I don’t have a problem with Thomas Gottschalk himself. A few years ago, I saw him live as part of the studio audience at a TV-show he hosted. Not Wetten dass?, but a one-of event show intended to promote science and technology (I’d gotten free tickets via one of the sponsors). And I thoroughly enjoyed myself. Live and in person, Gottschalk was charming, funny and entertaining. That evening I understood for the first time why he was so popular and why his salary, paid for by the license fee, was so high. But the undeniable charm he had live has never translated to his TV appearances for me.
And to be honest, I think he made the right decision retiring from Wetten dass?. Even the people who watch and enjoy the show have been remarking that Wetten dass? is past its prime. Two years ago, Gottschalk was given a young and female co-host, Swiss model Michelle Hunziker. Ms. Hunziker didn’t have much to add to the show asides from being nice to look at. What is more, while Wetten dass? is still considered compulsory viewing overall, it has been steadily losing its hold among younger viewers who prefer the antics of Stefan Raab or Dieter Bohlen. Wetten dass? may be a subject for watercooler conversations, but I rarely hear my students discussing it. Even the accident in the December edition was not a big topic at school the next day. So I think it was the right time for Gottschalk to leave. It would probably also be the right time to lay the old warhorse Wetten dass? to rest, particularly after the accident in December, but I doubt it will happen. Wetten dass? is still the ZDF’s highest rated show, except for football matches and the like. They won’t let it go so easily.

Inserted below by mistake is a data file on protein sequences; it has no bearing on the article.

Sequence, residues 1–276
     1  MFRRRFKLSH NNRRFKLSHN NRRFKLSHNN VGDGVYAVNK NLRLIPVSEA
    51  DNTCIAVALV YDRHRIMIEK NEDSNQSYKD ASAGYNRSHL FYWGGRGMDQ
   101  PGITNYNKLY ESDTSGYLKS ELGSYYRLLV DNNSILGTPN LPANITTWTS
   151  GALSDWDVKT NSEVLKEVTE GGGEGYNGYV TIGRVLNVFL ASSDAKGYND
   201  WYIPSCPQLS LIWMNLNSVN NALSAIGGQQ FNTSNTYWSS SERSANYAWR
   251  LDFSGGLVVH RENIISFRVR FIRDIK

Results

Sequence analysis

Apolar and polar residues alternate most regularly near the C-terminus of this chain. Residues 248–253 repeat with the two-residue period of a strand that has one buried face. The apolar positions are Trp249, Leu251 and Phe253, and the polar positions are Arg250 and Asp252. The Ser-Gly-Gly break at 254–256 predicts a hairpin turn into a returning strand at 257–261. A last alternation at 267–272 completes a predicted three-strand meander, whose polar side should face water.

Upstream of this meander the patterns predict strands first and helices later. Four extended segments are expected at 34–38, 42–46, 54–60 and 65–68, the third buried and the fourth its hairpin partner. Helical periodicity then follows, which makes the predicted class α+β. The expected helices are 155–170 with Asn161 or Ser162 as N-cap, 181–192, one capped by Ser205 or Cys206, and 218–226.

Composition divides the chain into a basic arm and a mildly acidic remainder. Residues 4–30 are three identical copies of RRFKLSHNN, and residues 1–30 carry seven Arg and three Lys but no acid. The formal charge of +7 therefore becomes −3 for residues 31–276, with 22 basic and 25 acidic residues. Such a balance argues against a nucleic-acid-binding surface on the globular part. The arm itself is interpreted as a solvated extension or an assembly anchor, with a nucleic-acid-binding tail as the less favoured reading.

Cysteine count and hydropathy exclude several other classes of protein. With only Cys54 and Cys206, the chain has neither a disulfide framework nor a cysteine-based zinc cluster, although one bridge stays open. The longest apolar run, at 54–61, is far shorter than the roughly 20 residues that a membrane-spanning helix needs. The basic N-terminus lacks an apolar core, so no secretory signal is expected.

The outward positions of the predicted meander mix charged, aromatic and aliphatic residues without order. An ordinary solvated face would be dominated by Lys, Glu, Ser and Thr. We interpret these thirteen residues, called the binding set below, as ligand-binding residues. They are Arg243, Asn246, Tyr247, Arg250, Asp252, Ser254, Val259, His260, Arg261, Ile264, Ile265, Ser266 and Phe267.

However, today marks the end of an era in German TV on another, deeper level. If you are my age, you grew up with the peculiarly German institution of the Saturday night TV show. Saturday night shows were variety shows in the classic sense. A bit of quiz and games, a bit of music, a few comedy skits, a few celebrity guests, a host and a pretty assistant in a glittery gown. And the TV ballet. Can’t forget the TV ballet.
Those shows were designated family viewings and they got huge ratings back in the 1970s and 1980s. The late Peter Alexander found his biggest success doing Saturday night shows and Saturday night TV catapulted Thomas Gottschalk from talented radio and chat show host to superstar.
But Saturday Night TV as it was when I was a kid is gone. Wetten dass? is the last of the great Saturday night shows and oddly enough, the last to debut. All of the others, Einer Wird Gewinnen, Dalli Dalli, Verstehen Sie Spaß, Lass Dich Überraschen, Melodien für Millionen, Zum Blauen Bock, Ein Kessel Buntes (which was the East German version of the phenomenon), have long since been retired and their hosts have for the most part long since gone to that great television studio in the sky.
The Volksmusik shows, which often occupy the same Saturday evening slot and feature an endless array of faux folksy pop music and inanely cheerful hosts, are still going strong, but they’re not the same thing, as they have never been aimed at the full family audience but at elderly viewers, i.e. the 60 to 99 demographic. Volksmusik shows are niche shows, even if the niche is very big, since elderly people aren’t well served by TV either.
I haven’t actually watched Saturday night shows in twenty years or more. Since they are designated family viewing, Saturday night shows tend to become incredibly uncool once you hit your teens. However, these shows were a part of German television history, they were one of the few things that the whole family – grandparents, parents and children – could watch together. And since weekend evening television isn’t particularly family friendly, those shows were sometimes the only thing kids could watch on the one night they were allowed to stay up late. For all their corniness (and believe me, they were corny), these shows were a part of our culture and I for one am sad to see them go.
So rest in peace to the Saturday night show.